Hikawa maru 氷川丸

The Queen of the Pacific

When it left the shipyards of the Yokohama Dock Company in 1929, nothing foreshadowed the extraordinary destiny of the Hikawa Maru . Moored in the port of Yokohama , this luxury liner, converted into a hospital ship, a freighter, then a museum, is today a symbol of the port city.

Commissioned on the regular Yokohama-Vancouver-Seattle route in May 1930 , this ultra-modern and sleek ocean liner, equipped with the latest diesel engine technology, is capable of reaching a top speed of 18.38 knots (34 km/h). ). The top-of-the-range services it offers to its wealthy clientele have earned it the nickname "Queen of the Pacific" . Retired in 1960 , he returned permanently to Yokohama where he was used as a youth hostel for ten years .

Designated " Important National Cultural Property " by Japan in 2016, it is now a fabulous museum ship that can be visited for the modest sum of 300 yen (€2.40).


Enjoy the spray from the deck of the Hikawa Maru


The ship is then transformed into a hospital ship and adorned with huge red crosses on its sides. He thus repatriated nearly 3,0000 wounded soldiers in the archipelago . During these years of war, the ship managed to miraculously survive three mine attacks. It is one of the only two surviving liners of the Japanese fleet at the end of the conflict.

In 1947, faced with the shortage of boats, she was refitted as a freighter for the freight of goods . This third life only lasts a few years but gives the ship an essential economic role.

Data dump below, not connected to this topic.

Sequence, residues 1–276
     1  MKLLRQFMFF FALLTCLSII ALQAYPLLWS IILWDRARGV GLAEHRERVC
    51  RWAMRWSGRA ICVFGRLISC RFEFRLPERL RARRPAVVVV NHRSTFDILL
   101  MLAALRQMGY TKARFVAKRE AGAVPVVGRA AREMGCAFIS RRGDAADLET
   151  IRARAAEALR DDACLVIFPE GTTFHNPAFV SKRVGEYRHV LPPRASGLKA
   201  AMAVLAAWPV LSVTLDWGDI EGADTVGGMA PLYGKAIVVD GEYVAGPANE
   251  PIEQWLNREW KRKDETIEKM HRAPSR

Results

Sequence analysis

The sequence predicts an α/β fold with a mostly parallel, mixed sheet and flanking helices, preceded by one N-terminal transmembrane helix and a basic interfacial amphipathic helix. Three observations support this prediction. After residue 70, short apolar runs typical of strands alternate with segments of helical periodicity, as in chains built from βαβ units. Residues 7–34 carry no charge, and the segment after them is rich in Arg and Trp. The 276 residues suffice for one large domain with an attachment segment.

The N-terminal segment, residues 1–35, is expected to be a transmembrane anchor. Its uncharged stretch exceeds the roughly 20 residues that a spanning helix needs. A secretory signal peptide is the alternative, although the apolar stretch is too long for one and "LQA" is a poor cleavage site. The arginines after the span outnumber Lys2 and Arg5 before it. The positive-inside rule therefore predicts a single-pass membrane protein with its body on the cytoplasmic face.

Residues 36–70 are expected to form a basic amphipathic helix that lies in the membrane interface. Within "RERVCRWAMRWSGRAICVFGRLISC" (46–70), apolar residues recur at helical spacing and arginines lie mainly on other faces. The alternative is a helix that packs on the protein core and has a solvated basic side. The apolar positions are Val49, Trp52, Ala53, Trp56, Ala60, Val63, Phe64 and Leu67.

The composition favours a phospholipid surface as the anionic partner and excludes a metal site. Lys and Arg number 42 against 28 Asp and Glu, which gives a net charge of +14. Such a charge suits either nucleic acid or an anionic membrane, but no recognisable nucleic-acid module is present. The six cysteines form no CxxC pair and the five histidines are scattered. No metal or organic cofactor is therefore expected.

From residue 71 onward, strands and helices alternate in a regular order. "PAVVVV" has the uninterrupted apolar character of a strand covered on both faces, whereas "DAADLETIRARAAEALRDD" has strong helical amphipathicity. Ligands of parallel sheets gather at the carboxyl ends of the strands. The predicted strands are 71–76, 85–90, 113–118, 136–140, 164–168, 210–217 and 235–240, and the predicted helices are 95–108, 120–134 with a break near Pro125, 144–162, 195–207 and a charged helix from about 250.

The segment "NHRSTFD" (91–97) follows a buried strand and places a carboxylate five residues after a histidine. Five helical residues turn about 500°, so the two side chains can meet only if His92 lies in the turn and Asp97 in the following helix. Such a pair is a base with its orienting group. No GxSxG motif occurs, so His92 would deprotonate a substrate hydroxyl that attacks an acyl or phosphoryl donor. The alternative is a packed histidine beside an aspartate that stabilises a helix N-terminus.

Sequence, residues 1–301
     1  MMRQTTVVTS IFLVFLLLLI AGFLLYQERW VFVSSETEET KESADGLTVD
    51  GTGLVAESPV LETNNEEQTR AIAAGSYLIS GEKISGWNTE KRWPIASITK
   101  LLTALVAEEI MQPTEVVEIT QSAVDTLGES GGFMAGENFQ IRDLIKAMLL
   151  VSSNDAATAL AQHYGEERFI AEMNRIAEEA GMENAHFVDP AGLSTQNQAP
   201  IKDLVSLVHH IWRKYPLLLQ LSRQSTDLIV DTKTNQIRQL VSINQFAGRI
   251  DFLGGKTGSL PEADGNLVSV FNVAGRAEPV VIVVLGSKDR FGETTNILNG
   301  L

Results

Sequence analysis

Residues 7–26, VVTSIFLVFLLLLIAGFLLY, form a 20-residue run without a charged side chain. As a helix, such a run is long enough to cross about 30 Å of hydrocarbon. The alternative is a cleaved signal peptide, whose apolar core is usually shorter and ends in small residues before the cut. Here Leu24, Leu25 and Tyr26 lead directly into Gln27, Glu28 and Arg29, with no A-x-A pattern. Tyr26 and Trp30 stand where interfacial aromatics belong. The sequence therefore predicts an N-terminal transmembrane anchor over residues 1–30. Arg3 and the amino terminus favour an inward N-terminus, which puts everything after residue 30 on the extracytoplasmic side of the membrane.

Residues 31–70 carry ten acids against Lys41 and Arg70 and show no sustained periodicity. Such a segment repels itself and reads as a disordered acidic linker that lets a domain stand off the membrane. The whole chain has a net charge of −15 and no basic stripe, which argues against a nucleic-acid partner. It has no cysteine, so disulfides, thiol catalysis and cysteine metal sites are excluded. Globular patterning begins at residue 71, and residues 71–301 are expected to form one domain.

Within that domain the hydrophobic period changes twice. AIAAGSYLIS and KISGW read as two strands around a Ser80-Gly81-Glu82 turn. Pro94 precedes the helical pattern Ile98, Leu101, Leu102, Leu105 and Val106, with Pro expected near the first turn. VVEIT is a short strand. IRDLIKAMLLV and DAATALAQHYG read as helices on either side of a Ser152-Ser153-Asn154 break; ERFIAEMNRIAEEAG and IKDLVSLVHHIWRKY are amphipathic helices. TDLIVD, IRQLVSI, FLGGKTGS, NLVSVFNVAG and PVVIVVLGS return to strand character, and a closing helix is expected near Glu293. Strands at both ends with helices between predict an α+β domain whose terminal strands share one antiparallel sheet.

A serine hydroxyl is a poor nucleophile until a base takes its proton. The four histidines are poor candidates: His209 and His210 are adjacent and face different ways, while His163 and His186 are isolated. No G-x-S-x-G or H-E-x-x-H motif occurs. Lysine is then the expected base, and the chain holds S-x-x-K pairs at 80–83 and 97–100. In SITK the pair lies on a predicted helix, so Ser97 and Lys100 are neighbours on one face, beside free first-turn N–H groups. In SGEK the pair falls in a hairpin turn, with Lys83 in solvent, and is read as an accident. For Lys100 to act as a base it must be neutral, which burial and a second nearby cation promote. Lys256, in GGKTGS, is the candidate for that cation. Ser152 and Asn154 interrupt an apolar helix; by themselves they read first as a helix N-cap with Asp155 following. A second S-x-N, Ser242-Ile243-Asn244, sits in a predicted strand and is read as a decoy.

Civilian passengers eventually reunite with the Hikawa Maru for regular services to Seattle in 1953.


1st class cabin



The Hikawa Maru has been moored in Yokohama Port since 1960

Nesnad / Wikimedia

It is also an opportunity to see the contrast between the 1st class cabins with bathrooms with bathtubs and the cramped 3rd class cabins where 8 passengers sleep in bunk beds. If the "Queen of the Pacific" was renowned for the finesse of her cuisine, she was also renowned for her wonderful interiors created by the French decorator Marc Simon . The lights, the woodwork, the stairs are in the purest Art Deco style .

The visit to the engine room, meanwhile, allows you to appreciate the quality and technicality of Japanese shipbuilding in the 1920s. A valuable testimony to modern maritime transport.


The dining room


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